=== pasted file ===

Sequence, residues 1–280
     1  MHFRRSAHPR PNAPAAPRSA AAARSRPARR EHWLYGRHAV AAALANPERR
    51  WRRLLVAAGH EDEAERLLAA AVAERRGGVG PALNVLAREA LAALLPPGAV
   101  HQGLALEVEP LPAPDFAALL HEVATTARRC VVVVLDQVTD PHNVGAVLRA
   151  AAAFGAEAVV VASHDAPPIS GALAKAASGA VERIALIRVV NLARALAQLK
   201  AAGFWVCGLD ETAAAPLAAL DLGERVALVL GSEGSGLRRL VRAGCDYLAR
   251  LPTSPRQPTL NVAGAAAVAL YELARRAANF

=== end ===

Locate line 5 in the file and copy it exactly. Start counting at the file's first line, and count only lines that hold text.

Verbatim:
   151  AAAFGAEAVV VASHDAPPIS GALAKAASGA VERIALIRVV NLARALAQLK